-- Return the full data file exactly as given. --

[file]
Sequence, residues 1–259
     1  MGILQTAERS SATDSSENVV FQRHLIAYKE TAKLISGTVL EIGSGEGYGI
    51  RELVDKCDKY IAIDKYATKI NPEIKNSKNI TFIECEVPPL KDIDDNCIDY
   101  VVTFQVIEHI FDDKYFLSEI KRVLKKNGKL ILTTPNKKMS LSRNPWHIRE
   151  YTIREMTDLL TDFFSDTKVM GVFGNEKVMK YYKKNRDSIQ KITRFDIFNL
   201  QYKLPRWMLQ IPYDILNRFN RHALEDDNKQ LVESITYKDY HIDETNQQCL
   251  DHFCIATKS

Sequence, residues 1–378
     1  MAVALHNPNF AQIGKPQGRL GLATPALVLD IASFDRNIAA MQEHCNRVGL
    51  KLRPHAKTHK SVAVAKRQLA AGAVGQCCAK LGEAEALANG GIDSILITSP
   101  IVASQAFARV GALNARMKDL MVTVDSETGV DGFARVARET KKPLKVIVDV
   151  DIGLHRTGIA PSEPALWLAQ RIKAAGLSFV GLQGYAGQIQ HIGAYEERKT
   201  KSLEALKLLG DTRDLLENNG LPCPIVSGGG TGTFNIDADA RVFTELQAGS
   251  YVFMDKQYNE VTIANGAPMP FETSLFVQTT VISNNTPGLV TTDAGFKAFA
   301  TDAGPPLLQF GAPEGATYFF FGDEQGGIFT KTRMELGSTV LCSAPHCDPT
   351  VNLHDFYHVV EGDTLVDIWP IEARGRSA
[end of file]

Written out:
Sequence, residues 1–259
     1  MGILQTAERS SATDSSENVV FQRHLIAYKE TAKLISGTVL EIGSGEGYGI
    51  RELVDKCDKY IAIDKYATKI NPEIKNSKNI TFIECEVPPL KDIDDNCIDY
   101  VVTFQVIEHI FDDKYFLSEI KRVLKKNGKL ILTTPNKKMS LSRNPWHIRE
   151  YTIREMTDLL TDFFSDTKVM GVFGNEKVMK YYKKNRDSIQ KITRFDIFNL
   201  QYKLPRWMLQ IPYDILNRFN RHALEDDNKQ LVESITYKDY HIDETNQQCL
   251  DHFCIATKS

Sequence, residues 1–378
     1  MAVALHNPNF AQIGKPQGRL GLATPALVLD IASFDRNIAA MQEHCNRVGL
    51  KLRPHAKTHK SVAVAKRQLA AGAVGQCCAK LGEAEALANG GIDSILITSP
   101  IVASQAFARV GALNARMKDL MVTVDSETGV DGFARVARET KKPLKVIVDV
   151  DIGLHRTGIA PSEPALWLAQ RIKAAGLSFV GLQGYAGQIQ HIGAYEERKT
   201  KSLEALKLLG DTRDLLENNG LPCPIVSGGG TGTFNIDADA RVFTELQAGS
   251  YVFMDKQYNE VTIANGAPMP FETSLFVQTT VISNNTPGLV TTDAGFKAFA
   301  TDAGPPLLQF GAPEGATYFF FGDEQGGIFT KTRMELGSTV LCSAPHCDPT
   351  VNLHDFYHVV EGDTLVDIWP IEARGRSA